WASHINGTON — SPACE station Freedom - the next steppingstone toward a manned presence on the moon and Mars - is under threat of extinction this week. The House of Representatives plans to vote today whether to strike entirely this year's $2 billion budget for the space station, bringing the program to a crashing halt.
The battle for votes has become intense, and, for a Bush administration enthusiastic about reaching the moon and Mars in coming decades, it is full of meaning for American leadership in the world.
"This is the most serious challenge to NASA [the National Aeronautics and Space Administration] in the history of the space program," says Howard McCurdy, a political scientist at American University who has written a book on the space station.
In a Capitol Hill hearing Tuesday, budget director Richard Darman called the threat to the space station "a misguided detour sign that would steer us away from America's historic, pioneering path." Mr. Darman has been a leading spokesman in the administration for a view that manned space exploration represents the best of American competence and spirit.
America's partners in the space station project - Japan, Canada, and the European Space Agency - also expressed their chagrin on Capitol Hill this week, suggesting that lack of American dependability on this project will affect cooperation on other technological ventures as well.
On the surface, the space station ran up against the unforgiving limits of the new budget arithmetic.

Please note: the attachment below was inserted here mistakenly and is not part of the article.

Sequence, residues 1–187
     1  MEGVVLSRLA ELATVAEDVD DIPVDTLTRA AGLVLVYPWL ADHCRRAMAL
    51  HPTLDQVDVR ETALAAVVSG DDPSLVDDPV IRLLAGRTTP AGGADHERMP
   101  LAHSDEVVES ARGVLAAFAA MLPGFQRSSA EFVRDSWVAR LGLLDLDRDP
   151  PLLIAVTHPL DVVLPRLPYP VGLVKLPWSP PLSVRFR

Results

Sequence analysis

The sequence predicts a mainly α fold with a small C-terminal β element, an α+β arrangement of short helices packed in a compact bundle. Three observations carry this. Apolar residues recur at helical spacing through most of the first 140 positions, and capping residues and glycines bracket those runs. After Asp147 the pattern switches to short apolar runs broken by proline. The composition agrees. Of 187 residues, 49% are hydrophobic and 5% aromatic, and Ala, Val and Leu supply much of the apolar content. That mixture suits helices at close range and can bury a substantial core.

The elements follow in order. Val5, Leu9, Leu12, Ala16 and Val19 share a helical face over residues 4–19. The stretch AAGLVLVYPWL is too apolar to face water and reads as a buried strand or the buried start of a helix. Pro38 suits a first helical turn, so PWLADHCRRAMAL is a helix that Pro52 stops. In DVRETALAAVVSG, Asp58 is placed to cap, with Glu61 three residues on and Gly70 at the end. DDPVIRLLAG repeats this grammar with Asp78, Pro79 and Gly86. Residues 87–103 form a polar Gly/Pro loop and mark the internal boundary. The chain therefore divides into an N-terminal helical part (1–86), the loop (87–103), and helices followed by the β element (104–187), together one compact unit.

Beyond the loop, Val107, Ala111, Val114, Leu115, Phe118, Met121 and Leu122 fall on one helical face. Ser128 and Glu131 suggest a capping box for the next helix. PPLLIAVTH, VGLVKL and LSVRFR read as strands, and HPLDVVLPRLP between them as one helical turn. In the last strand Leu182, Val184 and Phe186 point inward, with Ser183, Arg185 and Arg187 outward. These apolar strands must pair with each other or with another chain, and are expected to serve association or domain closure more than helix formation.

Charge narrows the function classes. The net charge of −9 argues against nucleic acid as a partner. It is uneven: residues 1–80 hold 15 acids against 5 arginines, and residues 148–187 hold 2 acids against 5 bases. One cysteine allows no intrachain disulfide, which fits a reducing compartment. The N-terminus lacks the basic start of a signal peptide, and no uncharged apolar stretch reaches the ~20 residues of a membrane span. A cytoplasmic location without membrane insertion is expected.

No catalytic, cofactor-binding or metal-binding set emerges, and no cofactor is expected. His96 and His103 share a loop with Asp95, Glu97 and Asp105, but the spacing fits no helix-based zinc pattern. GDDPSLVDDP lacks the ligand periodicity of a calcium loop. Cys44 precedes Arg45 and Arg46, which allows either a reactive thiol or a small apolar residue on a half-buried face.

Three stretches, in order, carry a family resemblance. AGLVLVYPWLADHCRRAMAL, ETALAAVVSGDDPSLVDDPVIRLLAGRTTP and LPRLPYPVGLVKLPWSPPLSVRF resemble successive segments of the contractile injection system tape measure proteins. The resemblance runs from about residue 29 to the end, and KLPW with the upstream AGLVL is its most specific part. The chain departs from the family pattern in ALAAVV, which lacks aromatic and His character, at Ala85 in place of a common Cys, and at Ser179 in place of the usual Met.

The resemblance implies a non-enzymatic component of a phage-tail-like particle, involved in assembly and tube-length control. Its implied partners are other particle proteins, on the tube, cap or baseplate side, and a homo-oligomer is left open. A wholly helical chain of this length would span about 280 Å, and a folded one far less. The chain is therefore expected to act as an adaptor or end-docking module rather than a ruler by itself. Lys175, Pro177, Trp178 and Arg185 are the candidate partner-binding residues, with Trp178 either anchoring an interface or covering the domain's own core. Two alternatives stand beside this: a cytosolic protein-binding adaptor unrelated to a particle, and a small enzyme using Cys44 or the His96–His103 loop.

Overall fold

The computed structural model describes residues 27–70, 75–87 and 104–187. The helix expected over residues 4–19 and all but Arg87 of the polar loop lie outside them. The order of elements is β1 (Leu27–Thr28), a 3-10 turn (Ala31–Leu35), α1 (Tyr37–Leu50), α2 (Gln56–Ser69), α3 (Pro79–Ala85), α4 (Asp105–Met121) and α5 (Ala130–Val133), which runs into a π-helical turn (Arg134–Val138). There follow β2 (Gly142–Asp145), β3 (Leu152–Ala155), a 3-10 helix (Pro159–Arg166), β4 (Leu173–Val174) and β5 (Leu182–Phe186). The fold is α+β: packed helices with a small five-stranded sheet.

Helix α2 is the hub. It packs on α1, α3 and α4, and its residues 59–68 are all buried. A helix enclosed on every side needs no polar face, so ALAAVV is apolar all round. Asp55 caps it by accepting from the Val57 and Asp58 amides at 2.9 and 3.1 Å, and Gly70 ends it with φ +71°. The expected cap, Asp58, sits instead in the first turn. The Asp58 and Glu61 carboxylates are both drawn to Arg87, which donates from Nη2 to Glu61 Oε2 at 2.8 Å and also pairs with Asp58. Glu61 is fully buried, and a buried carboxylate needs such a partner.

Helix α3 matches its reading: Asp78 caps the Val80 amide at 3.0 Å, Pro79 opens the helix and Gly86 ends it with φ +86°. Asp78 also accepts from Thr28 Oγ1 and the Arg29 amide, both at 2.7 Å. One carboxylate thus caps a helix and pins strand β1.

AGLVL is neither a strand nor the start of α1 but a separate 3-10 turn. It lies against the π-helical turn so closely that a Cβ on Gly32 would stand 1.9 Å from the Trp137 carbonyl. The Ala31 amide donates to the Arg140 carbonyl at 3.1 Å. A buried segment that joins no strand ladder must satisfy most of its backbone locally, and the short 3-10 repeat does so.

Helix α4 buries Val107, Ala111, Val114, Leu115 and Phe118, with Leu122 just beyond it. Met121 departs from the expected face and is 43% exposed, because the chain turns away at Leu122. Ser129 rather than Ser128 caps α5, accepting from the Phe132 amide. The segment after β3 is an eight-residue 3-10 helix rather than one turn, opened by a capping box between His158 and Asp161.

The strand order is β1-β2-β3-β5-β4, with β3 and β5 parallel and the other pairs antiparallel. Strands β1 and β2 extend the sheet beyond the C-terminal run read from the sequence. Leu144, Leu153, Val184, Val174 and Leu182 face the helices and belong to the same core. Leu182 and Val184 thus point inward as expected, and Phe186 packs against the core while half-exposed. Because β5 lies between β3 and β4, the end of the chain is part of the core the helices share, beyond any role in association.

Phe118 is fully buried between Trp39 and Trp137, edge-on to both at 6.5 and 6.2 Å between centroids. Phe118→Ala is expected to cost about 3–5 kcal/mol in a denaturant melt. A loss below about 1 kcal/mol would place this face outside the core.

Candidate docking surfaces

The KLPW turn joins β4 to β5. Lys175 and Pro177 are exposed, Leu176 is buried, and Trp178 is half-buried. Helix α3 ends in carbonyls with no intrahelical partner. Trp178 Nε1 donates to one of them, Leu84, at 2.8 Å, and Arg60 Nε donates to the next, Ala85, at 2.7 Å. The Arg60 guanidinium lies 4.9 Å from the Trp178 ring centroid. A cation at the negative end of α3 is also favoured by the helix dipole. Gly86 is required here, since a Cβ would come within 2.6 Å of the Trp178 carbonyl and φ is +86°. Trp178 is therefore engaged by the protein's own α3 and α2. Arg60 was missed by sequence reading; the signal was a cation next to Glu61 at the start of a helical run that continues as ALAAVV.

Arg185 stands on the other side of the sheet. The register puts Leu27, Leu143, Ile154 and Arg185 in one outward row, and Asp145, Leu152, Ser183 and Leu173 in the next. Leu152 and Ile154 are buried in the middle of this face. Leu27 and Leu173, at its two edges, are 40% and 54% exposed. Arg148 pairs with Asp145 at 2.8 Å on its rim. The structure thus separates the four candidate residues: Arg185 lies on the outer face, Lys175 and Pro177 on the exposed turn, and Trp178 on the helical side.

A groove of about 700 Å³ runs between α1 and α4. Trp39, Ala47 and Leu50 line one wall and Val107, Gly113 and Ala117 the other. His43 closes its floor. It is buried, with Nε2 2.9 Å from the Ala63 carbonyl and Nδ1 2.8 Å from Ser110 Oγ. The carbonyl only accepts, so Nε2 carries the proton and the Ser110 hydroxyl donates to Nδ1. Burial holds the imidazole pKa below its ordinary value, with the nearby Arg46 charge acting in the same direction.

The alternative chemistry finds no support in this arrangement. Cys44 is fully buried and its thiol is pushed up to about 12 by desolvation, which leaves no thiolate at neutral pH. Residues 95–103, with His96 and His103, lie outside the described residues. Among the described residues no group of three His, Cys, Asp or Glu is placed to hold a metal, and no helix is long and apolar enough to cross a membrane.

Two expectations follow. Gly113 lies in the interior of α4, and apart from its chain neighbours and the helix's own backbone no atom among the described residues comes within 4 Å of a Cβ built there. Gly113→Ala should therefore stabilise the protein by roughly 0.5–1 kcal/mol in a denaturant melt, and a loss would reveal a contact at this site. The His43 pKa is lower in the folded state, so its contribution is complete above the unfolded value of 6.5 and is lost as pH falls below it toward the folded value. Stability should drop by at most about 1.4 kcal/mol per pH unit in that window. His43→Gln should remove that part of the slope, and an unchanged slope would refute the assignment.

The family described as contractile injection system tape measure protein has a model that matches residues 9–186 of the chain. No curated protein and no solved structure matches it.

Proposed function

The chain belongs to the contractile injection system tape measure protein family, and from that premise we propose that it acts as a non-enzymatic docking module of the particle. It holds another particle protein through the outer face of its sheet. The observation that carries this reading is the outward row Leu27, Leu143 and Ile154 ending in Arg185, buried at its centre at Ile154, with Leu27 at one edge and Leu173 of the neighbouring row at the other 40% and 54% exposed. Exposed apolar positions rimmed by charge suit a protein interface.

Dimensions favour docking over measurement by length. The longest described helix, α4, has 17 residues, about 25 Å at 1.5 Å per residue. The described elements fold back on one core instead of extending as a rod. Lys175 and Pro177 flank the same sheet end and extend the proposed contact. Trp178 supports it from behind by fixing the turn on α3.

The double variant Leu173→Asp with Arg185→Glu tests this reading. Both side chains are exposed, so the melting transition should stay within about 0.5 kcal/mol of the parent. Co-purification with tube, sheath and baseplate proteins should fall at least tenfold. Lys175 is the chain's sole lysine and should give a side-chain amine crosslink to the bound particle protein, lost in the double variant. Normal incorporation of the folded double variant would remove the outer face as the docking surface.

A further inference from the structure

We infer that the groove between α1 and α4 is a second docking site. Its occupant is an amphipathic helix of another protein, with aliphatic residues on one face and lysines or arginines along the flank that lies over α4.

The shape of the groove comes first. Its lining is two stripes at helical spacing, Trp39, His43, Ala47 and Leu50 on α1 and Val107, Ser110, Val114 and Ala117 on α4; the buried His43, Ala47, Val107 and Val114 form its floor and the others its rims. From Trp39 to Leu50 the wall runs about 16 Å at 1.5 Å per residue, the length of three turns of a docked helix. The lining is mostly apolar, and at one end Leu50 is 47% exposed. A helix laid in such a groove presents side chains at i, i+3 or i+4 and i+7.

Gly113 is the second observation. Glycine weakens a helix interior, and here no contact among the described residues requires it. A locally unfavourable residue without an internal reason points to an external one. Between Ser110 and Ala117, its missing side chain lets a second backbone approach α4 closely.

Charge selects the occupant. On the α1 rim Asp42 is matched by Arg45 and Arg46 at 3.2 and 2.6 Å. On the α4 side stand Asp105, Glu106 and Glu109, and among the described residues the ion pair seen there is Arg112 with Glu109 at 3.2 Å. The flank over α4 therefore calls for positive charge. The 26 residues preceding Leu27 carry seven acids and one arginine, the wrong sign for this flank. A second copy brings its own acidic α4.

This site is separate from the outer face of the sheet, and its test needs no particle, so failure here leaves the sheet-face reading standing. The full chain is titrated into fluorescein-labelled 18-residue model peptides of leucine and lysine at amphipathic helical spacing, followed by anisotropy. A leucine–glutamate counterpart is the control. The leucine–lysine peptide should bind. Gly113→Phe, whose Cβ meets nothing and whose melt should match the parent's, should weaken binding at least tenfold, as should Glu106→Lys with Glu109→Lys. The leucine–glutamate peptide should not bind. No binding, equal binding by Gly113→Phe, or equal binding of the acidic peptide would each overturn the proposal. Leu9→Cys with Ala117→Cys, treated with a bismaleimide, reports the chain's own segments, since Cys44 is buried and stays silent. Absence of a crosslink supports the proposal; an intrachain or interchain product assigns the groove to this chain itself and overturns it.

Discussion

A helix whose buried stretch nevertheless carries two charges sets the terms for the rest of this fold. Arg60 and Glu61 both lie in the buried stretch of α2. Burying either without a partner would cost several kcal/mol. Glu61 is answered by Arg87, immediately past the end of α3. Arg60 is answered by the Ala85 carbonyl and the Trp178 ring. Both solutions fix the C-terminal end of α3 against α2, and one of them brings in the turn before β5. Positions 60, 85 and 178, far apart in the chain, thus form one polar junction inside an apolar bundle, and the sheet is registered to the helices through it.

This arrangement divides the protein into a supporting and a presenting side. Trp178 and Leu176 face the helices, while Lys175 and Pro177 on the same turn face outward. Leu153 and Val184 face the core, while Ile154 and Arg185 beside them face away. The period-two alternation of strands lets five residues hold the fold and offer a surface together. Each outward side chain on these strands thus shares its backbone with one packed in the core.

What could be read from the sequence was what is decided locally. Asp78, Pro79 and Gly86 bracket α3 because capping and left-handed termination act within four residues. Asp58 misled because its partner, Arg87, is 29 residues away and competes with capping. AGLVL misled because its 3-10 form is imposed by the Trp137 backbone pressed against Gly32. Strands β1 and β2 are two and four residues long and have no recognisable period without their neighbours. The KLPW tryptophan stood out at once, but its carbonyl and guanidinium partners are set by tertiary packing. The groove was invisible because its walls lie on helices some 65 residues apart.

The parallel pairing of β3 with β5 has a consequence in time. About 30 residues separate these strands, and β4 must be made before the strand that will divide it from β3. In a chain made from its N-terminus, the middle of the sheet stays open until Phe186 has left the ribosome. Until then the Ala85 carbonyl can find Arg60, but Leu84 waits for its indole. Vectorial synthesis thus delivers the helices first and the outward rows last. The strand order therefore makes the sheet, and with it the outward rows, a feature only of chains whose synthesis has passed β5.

But the tough budget tradeoffs may not be the whole story.
"I really think there's an underlying dissatisfaction with the space station and its cost," says Dr. McCurdy. "They would much rather see NASA spend the money in some other way," that requires less human presence in space.
The battle is not over. The House takes a floor vote today on an amendment to restore 95 percent of space station funding. A very close vote is anticipated. Both sides have been lobbying hard.
If the space station loses in the House, it is expected to fare better in the Senate. A compromise would then be likely.
The NASA budget, including $2 billion for the space station, was approved by Congress earlier this year. But when a total dollar figure was handed to the Veterans, HUD, and Independent Agencies Subcommittee of the House Appropriations Committee, the members parceled it out differently.
The subcommittee members had no desire to cut the space station, chairman Bob Traxler (D) of Michigan has explained, but needed money for veterans' medical benefits, Community Development Block Grants, and wastewater treatment plants. On Monday, the full Appropriations Committee approved deletion of the space station funds. The plan leaves only $100 million for studying alternatives to the space station.
This challenge to the space station follows a historical pattern, notes McCurdy. The same subcommittee has dropped major NASA programs over the decades, cuts that sometimes passed the full House but never this serious before," he adds.
"If the space station goes, then the concept of permanent manned presence in space goes," says Adam L. Gruen, project director of the Space Station History Project.
Without the space station, NASA may be forced to adopt a more prosaic view: "The only one good reason to have man in space is to fix machinery" and other caretaking work, says Gruen.
The space station has lost political clout for a couple of reasons. One is that space scientists often argue strongly against manned exploration as a massive drain on resources that might go to unmanned projects that bring in more data at far less cost.
Gruen says that history offers no support for this view that manned space projects cut into space science spending.
NASA has also slimmed down the functions of the space station, at the request of House budget makers, and in the process narrowed its constituency, notes McCurdy. The current space station design allows only for micro-gravity experiments and life sciences research. It will have to be adapted later into a way station to the moon and Mars.